Why Hillary Clinton Won the Popular Vote
An evolutionary perspective on the two surprises of the 2016 election
Posted Jan 03, 2017
There were actually two surprises in the 2016 election. On the one hand, the biggest shock to almost everyone I know in the academic world is the fact that the office of president of the United States will soon be occupied by a fellow who educated people widely perceived as a buffoonish reality TV star (whose only political experience was ranting about President Obama being a secret Muslim). His opponent, after all, had been a senator, secretary of state, and first lady during a period of American prosperity.
But, considered in the light of the history of our country, the other surprise is that the first woman to run for president actually won the popular election. And not by a small margin, but by 2,865,075 votes, according to the latest count I’ve seen. Indeed, many of the people I know are even more distressed by the fact that, in any other democracy, Clinton would be president, and Trump wins because of a historically unfortunate technicality which makes the U.S. presidential election imperfectly representative of the will of the majority.
Considering the first surprise, how could Donald Trump have won a presidential election, technicality or no technicality? Much of the reaction I’ve heard has talked about what social psychologists call counterfactuals, “what if” fantasies about alternative realities that might have happened. What if the FBI director hadn’t sent out that tainted false alarm a week before the election? What if pre-election polls hadn’t led some Democratic voters in swing states to feel it was unnecessary to vote? Besides counterfactuals, there has been a lot of depressed resignation about the state of the electorate, sometimes combined with moral indignation: How could so many voters be so racist/sexist/naïve/ and self-defeating?
And what of the second fact: how did the first woman to ever run for president win almost 66 million votes (almost 3 million more than her male opponent)?
Why the election turned out two ways
Perhaps there is a simple, naturalistic, explanation of why this election turned out two ways – an explanation that has almost nothing to do with the actual qualifications of Donald Trump or Hillary Clinton. The outcome may be related to an important, but relatively little-known, research finding: When humans are concerned about threats from other tribal groups, they are more likely to favor a man as a leader. But when they are concerned with getting along with their neighbors, they strongly favor a woman.
Mark Van Vugt and Brian Spisak conducted several studies examining what they called the “male warrior hypothesis:” the idea that throughout history, males have typically been the ones to make war. Anthropologist Richard Wrangham has observed how male groups in hunter-gatherer societies often form fighting gangs to go out and fight with males from other territories. Women never do this. The tendency for warmaking to be a predominantly male domain is also found in chimpanzees, and it has persisted into the modern world, from Genghis Khan to Vietnam and Afghanistan.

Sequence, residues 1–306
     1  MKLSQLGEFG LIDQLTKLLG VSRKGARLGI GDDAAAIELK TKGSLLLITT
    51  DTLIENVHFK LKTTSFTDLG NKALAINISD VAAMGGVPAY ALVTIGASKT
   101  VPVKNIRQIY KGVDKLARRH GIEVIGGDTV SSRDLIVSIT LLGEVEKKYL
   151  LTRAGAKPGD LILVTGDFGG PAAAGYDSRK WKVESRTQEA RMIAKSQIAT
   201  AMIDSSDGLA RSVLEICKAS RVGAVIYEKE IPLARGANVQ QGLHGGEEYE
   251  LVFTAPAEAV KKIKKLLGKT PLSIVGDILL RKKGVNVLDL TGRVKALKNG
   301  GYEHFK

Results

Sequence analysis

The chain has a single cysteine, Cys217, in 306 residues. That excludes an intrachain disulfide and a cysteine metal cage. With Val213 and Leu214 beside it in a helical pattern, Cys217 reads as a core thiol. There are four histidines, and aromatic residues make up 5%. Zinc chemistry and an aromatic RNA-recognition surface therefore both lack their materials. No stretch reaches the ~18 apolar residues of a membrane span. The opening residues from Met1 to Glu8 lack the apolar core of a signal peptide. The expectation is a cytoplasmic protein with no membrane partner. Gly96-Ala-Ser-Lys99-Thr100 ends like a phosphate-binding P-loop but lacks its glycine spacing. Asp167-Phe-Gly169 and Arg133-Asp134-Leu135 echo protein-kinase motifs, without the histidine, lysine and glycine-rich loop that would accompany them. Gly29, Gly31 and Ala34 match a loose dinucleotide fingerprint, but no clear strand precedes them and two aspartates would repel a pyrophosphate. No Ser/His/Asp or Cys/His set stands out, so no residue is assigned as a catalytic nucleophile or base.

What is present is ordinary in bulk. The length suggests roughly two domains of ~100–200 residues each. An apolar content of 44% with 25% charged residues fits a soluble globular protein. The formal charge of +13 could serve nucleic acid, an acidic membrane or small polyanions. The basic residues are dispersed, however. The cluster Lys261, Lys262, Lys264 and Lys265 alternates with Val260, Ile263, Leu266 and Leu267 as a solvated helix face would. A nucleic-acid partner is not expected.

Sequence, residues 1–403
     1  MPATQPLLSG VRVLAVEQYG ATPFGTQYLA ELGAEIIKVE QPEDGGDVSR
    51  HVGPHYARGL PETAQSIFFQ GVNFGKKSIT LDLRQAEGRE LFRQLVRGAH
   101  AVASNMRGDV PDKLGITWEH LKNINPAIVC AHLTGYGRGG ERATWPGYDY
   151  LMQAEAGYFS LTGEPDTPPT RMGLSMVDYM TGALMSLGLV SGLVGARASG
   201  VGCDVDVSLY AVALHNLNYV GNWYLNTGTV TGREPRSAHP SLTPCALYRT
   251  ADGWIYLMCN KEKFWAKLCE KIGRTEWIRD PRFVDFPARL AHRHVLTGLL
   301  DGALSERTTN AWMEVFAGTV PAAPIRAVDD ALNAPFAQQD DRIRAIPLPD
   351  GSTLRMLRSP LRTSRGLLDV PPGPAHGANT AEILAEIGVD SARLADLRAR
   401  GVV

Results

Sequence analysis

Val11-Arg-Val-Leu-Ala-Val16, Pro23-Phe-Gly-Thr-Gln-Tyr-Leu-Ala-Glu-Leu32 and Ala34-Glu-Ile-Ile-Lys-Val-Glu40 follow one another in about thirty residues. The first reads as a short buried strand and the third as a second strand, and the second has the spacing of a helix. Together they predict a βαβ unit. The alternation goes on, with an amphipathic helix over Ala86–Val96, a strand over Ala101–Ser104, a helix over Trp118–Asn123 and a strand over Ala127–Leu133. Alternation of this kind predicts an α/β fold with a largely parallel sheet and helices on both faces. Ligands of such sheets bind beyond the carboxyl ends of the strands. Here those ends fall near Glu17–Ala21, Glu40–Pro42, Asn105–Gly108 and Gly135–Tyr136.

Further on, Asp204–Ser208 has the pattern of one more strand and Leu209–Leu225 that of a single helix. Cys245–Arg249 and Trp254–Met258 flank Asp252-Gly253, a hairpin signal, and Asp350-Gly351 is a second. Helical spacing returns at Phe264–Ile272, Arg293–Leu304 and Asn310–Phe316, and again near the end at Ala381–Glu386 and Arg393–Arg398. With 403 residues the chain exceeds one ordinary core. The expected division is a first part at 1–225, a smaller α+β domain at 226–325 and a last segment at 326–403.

Van Vugt and Spisak conducted several studies to examine how this ancestral sex bias might work its way into electoral decisions. In one study, they told students they would be playing a game in which they could make money, and would either compare their results to other members of their own group, or – in the group conflict condition – would compare their results to those of other teams at other universities. The study was done at Kent University in Canterbury, and the opponents were at other British universities that were traditional rivals of Kent’s soccer team. They were asked to choose a leader for their group, either ‘‘Sarah,” who had described herself as a “21-year-old law student whose hobbies are exercise, traveling, and going out with friends.’’ or ‘‘Peter, a 20-year-old university student in English literature. His hobbies are reading, making music, and attending parties.” When there was no conflict with other universities involved, over 90% of students chose Sarah as the leader. But when there was going to be a conflict with rival schools, the results flipped, with 80% preferring Peter over Sarah.
In another study, the researchers asked students to imagine they were citizens of a hypothetical country called Taminia, during a presidential election. Some of the subjects were told their country was at war with another country. Others were told they were facing civil unrest within their own borders. When the problem was for Taminians to get along with another, 76% chose a woman as president. But when the problem was war, results again flipped, and 91% chose a man (See the figure).